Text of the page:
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A Plea for Mercy


Remember, O L ord, what has befallen us;

look, and see our disgrace!


Our inheritance has been turned over to strangers,

our homes to aliens.


We have become orphans, fatherless;

our mothers are like widows.


We must pay for the water we drink;

the wood we get must be bought.


With a yoke on our necks we are hard driven;

we are weary, we are given no rest.


We have made a pact with Egypt and Assyria,

to get enough bread.


Our ancestors sinned; they are no more,

and we bear their iniquities.


Slaves rule over us;

there is no one to deliver us from their hand.


We get our bread at the peril of our lives,

because of the sword in the wilderness.


Our skin is black as an oven

from the scorching heat of famine.


Women are raped in Zion,

virgins in the towns of Judah.


Princes are hung up by their hands;

no respect is shown to the elders.


Young men are compelled to grind,

and boys stagger under loads of wood.


The old men have left the city gate,

the young men their music.


The joy of our hearts has ceased;

our dancing has been turned to mourning.


The crown has fallen from our head;

woe to us, for we have sinned!


Because of this our hearts are sick,

because of these things our eyes have grown dim:


because of Mount Zion, which lies desolate;

jackals prowl over it.



But you, O L ord, reign forever;

your throne endures to all generations.


Why have you forgotten us completely?

Why have you forsaken us these many days?


Restore us to yourself, O L ord, that we may be restored;

renew our days as of old—


unless you have utterly rejected us,

and are angry with us beyond measure.

The Prophet here raises up his eyes to God, and, by his example, he encourages all the godly, that they might not cease, notwithstanding their extreme calamities, to look to God, as we find in the hundred and second Psalm, where the Psalmist speaks of the destruction of the city of Jerusalem. Indeed the subject of that psalm is similar to that of this chapter; nor is there a doubt but that it was composed when the people, as it clearly appears, were in exile in Babylon. There the Psalmist, after having spoken of the ruin of the city, and calamities of the people, says, that the heavens were growing old and wasting as it were with rottenness, together with the whole world; but he afterwards adds,

“But thou, O Lord, remainest perpetually.”
(Psalm 102:26-28.)

At the same time he speaks more clearly than Jeremiah, for he applies his doctrine to the consolation of the Church, “Children’s children,” he says, “shall inhabit it.” Hence, from the perpetuity and immutability of God, he infers the perpetuity of the Church. This is not done by Jeremiah, though it is implied; and for this reason, no doubt, he exclaims, that God dwells for ever, and that his throne remains fixed in all ages, or through all ages.

For when we fix our eyes on present things, we must necessarily vacillate, as there is nothing permanent hi the world; and when adversities bring a cloud over our eyes, then faith in a manner vanishes, at least we are troubled and stand amazed. Now the remedy is, to raise up our eyes to God, for however confounded things may be in the world, yet he remains always the same. His truth may indeed be hidden from us, yet it remains in him. In short, were the world to change and perish a hundred times, nothing could ever affect the immutability of God. There is, then, no doubt but that the Prophet wished to take courage and to raise himself up to a firm hope, when he exclaimed, “Thou, O God, remainest for ever.” By the word sitting or remaining, he doubtless meant that the world is governed by God. We know that God has no body, but the word sitting is to be taken metaphorically, for He is no God except he be the judge of the world.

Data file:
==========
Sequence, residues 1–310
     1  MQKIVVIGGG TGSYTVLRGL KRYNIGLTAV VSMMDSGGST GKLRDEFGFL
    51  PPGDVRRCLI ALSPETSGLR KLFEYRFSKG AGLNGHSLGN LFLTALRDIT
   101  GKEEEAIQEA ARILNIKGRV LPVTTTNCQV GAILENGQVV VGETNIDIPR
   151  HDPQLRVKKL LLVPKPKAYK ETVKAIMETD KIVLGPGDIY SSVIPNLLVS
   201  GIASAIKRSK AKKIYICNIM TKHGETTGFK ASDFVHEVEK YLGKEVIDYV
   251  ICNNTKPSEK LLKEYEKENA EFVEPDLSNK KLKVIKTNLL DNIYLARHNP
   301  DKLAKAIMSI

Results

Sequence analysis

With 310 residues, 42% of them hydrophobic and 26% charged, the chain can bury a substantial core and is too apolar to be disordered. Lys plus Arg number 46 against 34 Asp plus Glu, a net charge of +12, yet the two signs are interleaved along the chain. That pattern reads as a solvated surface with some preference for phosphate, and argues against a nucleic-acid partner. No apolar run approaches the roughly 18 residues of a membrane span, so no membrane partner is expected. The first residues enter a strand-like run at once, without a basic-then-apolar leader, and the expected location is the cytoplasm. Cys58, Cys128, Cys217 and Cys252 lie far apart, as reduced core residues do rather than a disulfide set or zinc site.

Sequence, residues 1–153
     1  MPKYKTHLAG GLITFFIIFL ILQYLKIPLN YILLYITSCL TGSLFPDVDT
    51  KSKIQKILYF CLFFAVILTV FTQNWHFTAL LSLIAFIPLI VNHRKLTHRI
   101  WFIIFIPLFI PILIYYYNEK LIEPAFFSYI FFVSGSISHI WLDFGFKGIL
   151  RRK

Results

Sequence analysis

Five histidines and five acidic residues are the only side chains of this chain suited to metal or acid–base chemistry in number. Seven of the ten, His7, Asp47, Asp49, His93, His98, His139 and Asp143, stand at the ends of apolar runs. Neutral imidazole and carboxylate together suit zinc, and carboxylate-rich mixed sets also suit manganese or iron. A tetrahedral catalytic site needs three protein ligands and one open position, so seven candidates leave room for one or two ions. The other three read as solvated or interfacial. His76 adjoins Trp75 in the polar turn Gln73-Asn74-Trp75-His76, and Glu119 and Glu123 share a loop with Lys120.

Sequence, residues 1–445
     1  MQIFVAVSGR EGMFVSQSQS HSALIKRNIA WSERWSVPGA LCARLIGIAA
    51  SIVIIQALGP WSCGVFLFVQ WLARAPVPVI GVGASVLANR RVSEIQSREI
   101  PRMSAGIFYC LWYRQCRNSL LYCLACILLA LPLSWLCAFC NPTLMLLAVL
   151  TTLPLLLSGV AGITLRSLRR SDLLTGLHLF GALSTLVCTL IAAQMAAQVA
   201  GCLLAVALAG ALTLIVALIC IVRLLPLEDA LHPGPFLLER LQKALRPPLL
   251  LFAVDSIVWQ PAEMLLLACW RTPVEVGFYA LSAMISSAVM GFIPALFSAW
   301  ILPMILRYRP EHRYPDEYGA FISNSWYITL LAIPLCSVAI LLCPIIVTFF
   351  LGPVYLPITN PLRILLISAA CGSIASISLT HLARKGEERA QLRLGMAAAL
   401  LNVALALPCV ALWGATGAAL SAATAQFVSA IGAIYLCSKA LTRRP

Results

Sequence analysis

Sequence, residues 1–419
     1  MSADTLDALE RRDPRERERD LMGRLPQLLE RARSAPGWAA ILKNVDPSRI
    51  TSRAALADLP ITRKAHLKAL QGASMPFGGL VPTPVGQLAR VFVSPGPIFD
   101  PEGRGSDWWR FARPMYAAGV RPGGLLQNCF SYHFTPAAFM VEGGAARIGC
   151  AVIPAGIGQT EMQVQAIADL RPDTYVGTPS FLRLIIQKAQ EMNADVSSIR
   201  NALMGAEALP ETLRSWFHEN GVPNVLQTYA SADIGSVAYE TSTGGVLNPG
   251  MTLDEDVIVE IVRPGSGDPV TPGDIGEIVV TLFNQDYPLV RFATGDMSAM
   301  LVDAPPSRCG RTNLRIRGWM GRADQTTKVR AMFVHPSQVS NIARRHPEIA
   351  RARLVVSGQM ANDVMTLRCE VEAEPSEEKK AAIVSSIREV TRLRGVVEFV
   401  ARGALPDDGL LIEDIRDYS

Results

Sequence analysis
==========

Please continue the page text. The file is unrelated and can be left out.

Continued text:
This, also, he expresses more clearly, when he says, that God’s throne remains through all ages. The throne of God designates the government of the world. But if God be the judge of the world, then he doeth nothing,, or suffereth nothing to be done, but according to his supreme wisdom and justice. 237237     The words literally are, —
   Thou Jehovah for ever sittest,
Thy throne is from generation to generation.

   Sitting is the posture of a judge, and the reference here is to Jehovah, not as to his essence or existence, but as to his judicial office. — Ed.
We hence see, that inasmuch as the state of present things, as thick darkness, took away all distinction, the Prophet raises up his eyes to God and acknowledges him as remaining the same perpetually, though things in the world continually change. Then the throne of God is set in opposition to chance or uncertain changes which ungodly men dream of; for when they see things in great confusion in the world, they say that it is the wheel of fortune, they say that all things happen through blind fate. Then the Prophet, that he might not be cast down with the unbelieving, refers to the throne of God, and strengthens himself in this doctrine of true religion, — that God nevertheless sits on this throne, though things are thus confounded, though all things fluctuate; yea, even though storms and tempests mingle as it were heaven and earth together, yet God sits on his throne amidst all such disturbances. However turbulent, then, all the elements may be, this derogates nothing from the righteous and perpetual judgment of God. This is the meaning of the words; and hence fruit and benefit may be easily gathered. It. follows, —

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